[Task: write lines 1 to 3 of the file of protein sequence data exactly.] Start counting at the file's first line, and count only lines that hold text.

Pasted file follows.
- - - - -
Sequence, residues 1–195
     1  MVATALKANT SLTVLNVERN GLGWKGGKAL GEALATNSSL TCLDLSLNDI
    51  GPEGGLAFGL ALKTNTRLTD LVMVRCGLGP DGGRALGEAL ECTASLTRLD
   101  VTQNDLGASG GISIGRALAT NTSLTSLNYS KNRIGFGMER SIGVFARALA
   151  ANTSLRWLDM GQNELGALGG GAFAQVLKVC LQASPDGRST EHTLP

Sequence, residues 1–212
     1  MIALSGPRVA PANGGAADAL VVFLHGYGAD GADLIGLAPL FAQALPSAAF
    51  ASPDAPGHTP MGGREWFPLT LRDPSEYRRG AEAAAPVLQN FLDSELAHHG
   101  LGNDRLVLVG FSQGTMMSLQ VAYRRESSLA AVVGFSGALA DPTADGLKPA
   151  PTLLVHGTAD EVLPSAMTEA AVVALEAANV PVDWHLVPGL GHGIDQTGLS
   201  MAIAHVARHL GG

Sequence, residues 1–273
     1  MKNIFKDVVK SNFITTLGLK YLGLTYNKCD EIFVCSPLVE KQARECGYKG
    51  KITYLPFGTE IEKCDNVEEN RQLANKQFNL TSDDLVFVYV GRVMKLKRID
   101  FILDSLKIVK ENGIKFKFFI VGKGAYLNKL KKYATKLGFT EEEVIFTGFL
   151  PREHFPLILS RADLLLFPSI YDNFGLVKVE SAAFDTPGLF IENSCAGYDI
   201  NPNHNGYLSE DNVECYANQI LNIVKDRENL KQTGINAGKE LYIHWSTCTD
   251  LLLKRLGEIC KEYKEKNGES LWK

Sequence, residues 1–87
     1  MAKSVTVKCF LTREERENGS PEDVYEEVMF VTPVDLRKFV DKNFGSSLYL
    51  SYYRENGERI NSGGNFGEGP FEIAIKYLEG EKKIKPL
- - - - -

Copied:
Sequence, residues 1–195
     1  MVATALKANT SLTVLNVERN GLGWKGGKAL GEALATNSSL TCLDLSLNDI
    51  GPEGGLAFGL ALKTNTRLTD LVMVRCGLGP DGGRALGEAL ECTASLTRLD